The browser's address bar shows /. The route path to HeroesComponent is /heroes, not /. Soon you'll add a route that matches the path /.

Click the Heroes navigation link. The address bar updates to /heroes and the list of heroes displays.

AppComponent now looks like this:

src/app/app.component.ts (v2)

import { Component } from '@angular/core'; @Component({ selector: 'my-app', template: ` <h1>{{title}}</h1> <a routerLink="/heroes">Heroes</a> <router-outlet></router-outlet> ` }) export class AppComponent { title = 'Tour of Heroes'; }

The AppComponent is now attached to a router and displays routed views. For this reason, and to distinguish it from other kinds of components, this component type is called a router component.

Add a dashboard

Routing only makes sense when multiple views exist. To add another view, create a placeholder DashboardComponent, which users can navigate to and from.

src/app/dashboard.component.ts (v1)

import { Component } from '@angular/core'; @Component({ selector: 'my-dashboard', template: '<h3>My Dashboard</h3>' }) export class DashboardComponent { }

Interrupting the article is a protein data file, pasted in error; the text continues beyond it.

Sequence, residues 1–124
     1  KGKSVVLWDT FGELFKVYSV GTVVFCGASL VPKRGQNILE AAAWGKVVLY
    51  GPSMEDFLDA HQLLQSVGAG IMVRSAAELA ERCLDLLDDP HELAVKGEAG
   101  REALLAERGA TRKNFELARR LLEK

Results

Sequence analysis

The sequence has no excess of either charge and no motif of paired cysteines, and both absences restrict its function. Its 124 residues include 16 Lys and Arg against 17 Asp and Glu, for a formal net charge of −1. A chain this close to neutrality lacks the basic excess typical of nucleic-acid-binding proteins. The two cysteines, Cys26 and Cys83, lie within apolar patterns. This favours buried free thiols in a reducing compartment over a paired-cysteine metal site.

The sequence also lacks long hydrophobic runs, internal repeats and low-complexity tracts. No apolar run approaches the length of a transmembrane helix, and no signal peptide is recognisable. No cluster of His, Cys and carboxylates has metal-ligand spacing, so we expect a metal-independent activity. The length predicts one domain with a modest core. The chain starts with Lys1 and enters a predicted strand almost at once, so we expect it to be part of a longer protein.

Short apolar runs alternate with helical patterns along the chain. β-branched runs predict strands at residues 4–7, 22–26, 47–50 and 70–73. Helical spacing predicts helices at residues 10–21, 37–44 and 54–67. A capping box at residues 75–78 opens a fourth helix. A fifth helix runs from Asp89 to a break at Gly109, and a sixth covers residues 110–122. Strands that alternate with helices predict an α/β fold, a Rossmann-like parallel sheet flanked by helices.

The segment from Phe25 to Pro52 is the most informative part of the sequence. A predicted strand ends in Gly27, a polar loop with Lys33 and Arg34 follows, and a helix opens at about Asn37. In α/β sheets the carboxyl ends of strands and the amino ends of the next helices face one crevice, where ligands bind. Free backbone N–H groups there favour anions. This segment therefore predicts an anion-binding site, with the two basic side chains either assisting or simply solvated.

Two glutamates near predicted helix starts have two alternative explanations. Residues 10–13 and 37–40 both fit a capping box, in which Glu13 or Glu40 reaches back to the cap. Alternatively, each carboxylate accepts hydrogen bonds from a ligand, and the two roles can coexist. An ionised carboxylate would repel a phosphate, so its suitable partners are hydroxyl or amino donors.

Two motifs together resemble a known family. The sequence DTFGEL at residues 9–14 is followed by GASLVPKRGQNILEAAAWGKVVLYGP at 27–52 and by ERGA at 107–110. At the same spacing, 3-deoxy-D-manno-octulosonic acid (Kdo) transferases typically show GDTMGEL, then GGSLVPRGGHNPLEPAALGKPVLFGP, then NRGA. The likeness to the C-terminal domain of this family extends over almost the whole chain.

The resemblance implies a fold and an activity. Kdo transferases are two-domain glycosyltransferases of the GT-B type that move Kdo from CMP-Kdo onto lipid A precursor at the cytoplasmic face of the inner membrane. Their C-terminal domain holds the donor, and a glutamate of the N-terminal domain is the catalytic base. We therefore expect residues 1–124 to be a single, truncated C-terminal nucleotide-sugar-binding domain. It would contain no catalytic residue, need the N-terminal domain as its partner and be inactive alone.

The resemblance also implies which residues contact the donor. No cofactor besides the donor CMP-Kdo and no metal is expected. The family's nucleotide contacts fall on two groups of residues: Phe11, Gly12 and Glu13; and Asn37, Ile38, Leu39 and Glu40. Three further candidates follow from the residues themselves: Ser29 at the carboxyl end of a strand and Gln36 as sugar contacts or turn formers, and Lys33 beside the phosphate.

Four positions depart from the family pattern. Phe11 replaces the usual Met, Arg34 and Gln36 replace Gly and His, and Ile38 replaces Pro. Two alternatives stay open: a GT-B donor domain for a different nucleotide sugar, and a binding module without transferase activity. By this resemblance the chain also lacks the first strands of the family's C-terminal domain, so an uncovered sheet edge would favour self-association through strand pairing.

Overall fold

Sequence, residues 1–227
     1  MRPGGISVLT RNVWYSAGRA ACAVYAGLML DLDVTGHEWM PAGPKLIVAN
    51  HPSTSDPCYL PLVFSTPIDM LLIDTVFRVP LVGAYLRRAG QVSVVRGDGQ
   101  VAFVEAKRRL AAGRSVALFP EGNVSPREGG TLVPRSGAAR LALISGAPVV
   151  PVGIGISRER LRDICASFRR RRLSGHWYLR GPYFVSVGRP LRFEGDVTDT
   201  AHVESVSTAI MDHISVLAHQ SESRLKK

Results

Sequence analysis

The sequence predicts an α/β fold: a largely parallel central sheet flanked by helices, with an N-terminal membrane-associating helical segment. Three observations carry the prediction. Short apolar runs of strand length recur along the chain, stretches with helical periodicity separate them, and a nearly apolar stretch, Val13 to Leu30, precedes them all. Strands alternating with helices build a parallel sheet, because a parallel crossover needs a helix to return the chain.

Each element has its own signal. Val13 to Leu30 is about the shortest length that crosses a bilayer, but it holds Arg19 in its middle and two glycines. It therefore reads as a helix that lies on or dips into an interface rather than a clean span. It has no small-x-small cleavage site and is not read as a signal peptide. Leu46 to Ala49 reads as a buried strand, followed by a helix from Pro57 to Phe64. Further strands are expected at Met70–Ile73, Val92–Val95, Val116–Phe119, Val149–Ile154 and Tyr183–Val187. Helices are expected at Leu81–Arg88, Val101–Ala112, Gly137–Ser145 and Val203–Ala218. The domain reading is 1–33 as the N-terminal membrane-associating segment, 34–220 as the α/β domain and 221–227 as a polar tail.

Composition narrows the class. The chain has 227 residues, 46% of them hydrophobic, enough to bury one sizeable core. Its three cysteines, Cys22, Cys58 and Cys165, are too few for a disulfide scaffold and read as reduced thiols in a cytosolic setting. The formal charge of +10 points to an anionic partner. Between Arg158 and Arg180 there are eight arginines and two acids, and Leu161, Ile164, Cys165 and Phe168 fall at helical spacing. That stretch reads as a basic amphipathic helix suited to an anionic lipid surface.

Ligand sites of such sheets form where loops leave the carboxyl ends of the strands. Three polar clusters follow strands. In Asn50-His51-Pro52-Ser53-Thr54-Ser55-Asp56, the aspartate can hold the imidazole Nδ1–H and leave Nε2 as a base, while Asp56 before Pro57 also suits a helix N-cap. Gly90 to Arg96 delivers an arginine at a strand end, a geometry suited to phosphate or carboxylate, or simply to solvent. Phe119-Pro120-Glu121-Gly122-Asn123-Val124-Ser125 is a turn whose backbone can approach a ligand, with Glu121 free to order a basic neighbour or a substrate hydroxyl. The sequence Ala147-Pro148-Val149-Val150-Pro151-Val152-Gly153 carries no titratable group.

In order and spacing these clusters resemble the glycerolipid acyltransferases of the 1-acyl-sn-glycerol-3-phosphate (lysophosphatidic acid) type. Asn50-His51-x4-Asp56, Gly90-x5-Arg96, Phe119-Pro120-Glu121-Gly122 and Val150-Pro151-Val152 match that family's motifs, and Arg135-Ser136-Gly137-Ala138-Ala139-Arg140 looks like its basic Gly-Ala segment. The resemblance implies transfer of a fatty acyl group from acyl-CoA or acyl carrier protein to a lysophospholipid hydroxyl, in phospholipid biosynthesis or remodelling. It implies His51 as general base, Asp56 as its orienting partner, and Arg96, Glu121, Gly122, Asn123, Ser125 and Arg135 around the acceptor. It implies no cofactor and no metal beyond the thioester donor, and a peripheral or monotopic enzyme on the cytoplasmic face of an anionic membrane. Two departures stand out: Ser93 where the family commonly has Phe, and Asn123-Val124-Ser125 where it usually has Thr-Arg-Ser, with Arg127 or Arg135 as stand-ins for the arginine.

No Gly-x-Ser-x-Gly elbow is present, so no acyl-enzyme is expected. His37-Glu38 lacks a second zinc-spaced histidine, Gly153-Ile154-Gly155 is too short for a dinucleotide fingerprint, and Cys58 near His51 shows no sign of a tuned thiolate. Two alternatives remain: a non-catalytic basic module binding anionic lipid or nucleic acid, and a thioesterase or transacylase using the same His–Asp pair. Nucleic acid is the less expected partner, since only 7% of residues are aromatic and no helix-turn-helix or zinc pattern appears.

You'll make this component more useful later.

Configure the dashboard route

To teach app.module.ts to navigate to the dashboard, import the dashboard component and add the following route definition to the Routes array of definitions.

src/app/app.module.ts (Dashboard route)

{ path: 'dashboard', component: DashboardComponent },

Also import and add DashboardComponent to the AppModule's declarations.

src/app/app.module.ts (dashboard)

declarations: [ AppComponent, DashboardComponent, HeroDetailComponent, HeroesComponent ],

Add a redirect route

When the app starts, it should show the dashboard and display a /dashboard URL in the browser address bar. Currently, the browser launches with / in the address bar.

To make this happen, use a redirect route. Add the following to the array of route definitions:

src/app/app.module.ts (redirect)

{ path: '', redirectTo: '/dashboard', pathMatch: 'full' },

Read more about redirects in the Redirecting routes section of the Routing & Navigation page.

Add navigation to the template

Add a dashboard navigation link to the template, just above the Heroes link.

src/app/app.component.ts (template-v3)

template: ` <h1>{{title}}</h1> <nav> <a routerLink="/dashboard">Dashboard</a> <a routerLink="/heroes">Heroes</a> </nav> <router-outlet></router-outlet> `